Becky does, however, contain plenty of nice formal flourishes with some clever cross-cuts that deliver flash-points of tension, but it unfortunately loses steam over the course of the film. Racial undertones are never fully explored and the script begins to show cracks. And while Lulu Wilson (Annabelle: Creation) brings plenty sass to her role as Becky, its not enough to rescue what is otherwise a run-of-the-mill gore-fest that will satisfy only fans of the genre.

See my reviews for the NZ Herald here and for Witchdoctor here.

This week’s releases …

Tenet – A Christopher Nolan brain-bender that incorporates his signature blockbusting clout and a heady blend of time, physics, and action. While this is far from Nolan’s best, it manages to carry you along with some astonishing set pieces. And if you can unshackle yourself from the mind-contorting plot, Tenet becomes quite an exhilarating two hours.

I’m Thinking of Ending Things – Director Charlie Kaufman appears to relish peering into the psyche of loners (Adaptation., Being John Malkovich etc.) often with alluring results. Captured from the novella by Iain Reid, I’m Thinking of Ending Things reveals the inner workings of a very private life and is dripping with Kaufman’s typically wordy style as he tells the story of Jake (Jesse Plemons) and the strained relationship with his girlfriend (played by Jessie Buckley). Indeed the film’s inner monologues can occasionally feel like wading through molasses, but the intriguing characters linger in your mind long after you’ve put the Netflix remote down, calling you to piece together the film’s many clues and ponder its allegories. As expected all is not what it seems and I’m Thinking of Ending Things begs for a deep post-view reading. Doing so delivers a wonderfully rewarding experience and if nothing else it’s worth seeing for the brilliant Jessie Buckley.

See my reviews for the NZ Herald here and for Witchdoctor here.

This week’s releases

Here are some flicks I’ve seen that are due out in cinemas this week …

The Australian Dream – A powerful and challenging film that documents the racial abuse of AFL player Adam Goodes. The film brilliantly peels back the layers of his story as he stares straight down the barrel of the camera lens, implicating and provoking a reaction from its audience. A well-structured documentary that found me effortlessly floating in the invisibility of its filmmaking and thinking only of the man at its centre. Would make a great (but arduous) double-bill with Sweet Country.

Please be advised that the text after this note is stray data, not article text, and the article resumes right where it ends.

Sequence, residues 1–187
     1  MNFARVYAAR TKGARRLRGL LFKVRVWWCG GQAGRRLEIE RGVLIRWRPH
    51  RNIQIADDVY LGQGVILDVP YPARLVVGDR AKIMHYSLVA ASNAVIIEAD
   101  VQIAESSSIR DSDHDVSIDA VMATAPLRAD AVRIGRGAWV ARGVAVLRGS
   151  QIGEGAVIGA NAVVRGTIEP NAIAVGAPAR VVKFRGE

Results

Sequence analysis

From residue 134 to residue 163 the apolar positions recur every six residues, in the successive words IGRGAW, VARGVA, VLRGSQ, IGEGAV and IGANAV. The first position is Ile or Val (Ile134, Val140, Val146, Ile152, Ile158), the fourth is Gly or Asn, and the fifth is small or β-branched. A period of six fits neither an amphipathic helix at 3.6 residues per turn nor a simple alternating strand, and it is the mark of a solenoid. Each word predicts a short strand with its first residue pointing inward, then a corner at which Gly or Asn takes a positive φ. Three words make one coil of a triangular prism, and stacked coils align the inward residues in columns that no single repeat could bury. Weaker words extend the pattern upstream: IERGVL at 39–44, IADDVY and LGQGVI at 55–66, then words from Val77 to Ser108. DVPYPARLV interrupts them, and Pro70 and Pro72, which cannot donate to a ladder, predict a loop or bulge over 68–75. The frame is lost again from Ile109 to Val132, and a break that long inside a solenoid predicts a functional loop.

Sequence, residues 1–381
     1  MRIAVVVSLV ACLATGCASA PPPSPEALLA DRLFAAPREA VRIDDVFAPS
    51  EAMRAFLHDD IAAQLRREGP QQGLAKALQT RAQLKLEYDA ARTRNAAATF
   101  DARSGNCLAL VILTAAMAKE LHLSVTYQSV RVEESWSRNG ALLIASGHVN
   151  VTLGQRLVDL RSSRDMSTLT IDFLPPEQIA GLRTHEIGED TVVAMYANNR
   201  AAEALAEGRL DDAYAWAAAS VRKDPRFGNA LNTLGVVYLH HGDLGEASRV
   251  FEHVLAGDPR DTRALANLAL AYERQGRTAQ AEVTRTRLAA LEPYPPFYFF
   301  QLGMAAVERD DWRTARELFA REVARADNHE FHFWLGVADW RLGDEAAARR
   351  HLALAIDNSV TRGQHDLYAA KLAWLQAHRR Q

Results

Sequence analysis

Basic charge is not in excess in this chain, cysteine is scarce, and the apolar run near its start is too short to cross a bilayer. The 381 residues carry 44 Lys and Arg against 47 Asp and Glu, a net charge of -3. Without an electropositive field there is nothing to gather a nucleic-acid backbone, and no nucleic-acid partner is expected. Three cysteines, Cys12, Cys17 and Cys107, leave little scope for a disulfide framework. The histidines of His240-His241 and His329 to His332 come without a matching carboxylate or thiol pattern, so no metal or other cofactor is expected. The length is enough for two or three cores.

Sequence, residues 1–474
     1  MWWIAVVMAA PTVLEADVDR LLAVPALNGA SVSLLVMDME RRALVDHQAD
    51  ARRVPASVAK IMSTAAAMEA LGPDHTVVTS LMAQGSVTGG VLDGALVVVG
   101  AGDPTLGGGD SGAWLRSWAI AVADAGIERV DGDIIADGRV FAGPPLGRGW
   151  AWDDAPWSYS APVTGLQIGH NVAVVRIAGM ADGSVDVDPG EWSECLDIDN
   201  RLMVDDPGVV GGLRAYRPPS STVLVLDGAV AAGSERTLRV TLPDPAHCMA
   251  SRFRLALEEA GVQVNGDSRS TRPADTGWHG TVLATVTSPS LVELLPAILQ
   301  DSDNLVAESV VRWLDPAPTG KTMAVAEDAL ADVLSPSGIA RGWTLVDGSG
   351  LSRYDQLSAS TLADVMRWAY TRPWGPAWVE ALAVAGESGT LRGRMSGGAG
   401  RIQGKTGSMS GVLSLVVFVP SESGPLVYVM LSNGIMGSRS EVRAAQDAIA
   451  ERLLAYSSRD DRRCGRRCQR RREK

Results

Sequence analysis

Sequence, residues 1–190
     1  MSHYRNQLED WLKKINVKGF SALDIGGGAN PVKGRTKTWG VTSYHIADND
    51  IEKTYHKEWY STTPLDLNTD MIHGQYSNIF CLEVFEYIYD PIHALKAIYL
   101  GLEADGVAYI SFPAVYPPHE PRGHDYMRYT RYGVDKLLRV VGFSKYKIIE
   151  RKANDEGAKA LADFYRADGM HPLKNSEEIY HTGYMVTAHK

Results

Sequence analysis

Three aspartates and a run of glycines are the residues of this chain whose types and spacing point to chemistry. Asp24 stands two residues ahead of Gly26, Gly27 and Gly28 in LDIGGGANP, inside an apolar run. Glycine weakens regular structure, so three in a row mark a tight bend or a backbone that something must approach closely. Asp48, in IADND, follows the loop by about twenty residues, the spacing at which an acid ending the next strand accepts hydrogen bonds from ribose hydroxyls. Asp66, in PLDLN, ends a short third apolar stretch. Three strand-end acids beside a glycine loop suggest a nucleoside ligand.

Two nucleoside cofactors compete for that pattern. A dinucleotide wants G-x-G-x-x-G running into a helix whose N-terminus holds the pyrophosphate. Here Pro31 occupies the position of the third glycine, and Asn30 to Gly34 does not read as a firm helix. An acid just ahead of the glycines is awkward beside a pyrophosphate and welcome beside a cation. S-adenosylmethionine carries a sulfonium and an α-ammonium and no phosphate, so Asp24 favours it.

The Quarry – A man on the run assumes a new identity in this searing slow burn that’s been left in the frying pan too long. It makes a reasonable attempt at exploring the theme of forgiveness, but it’s far too strained and elongated to effectively get the message through. Michael Shannon does what Shannon does best but Shea Whigham is painfully wooden.

Fatima – Based on true events this swooning period piece tells the story of three children and their miraculous visions of Mary that lead to unrest in their small Portuguese town. It’s patchy but honest story telling that longs for a Malickian touch but doesn’t quite get there.

New streaming titles…

Here are latest streaming capsule reviews from the good Witchdoctor. I give Lovecraft Country a favourable writeup after having seen the first episode. Gotta say I was slightly less enamoured with episode two which aired last night. I guess after such a great start the only way was going to be down. You can read the reviews here.


Verdict: Easy to resist.

Written and directed by American political commentator and satirist Jon Stewart (of The Daily Show fame) Irresistible, examines the crazy circus that is the US election system. It’s only Stewart’s second time in the director’s chair after his critically well-received debut, Rosewater. Unfortunately, lightning hasn’t struck twice, and what begins as a whip-smart political commentary descends into smugness and unapologetically spans a rather contrived narrative arc.